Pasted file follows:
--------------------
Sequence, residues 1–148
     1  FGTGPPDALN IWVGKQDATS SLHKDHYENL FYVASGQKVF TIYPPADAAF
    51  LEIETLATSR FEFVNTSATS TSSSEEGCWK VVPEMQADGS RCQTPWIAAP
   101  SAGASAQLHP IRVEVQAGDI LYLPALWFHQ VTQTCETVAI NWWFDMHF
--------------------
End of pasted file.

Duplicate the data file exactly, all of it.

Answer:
Sequence, residues 1–148
     1  FGTGPPDALN IWVGKQDATS SLHKDHYENL FYVASGQKVF TIYPPADAAF
    51  LEIETLATSR FEFVNTSATS TSSSEEGCWK VVPEMQADGS RCQTPWIAAP
   101  SAGASAQLHP IRVEVQAGDI LYLPALWFHQ VTQTCETVAI NWWFDMHF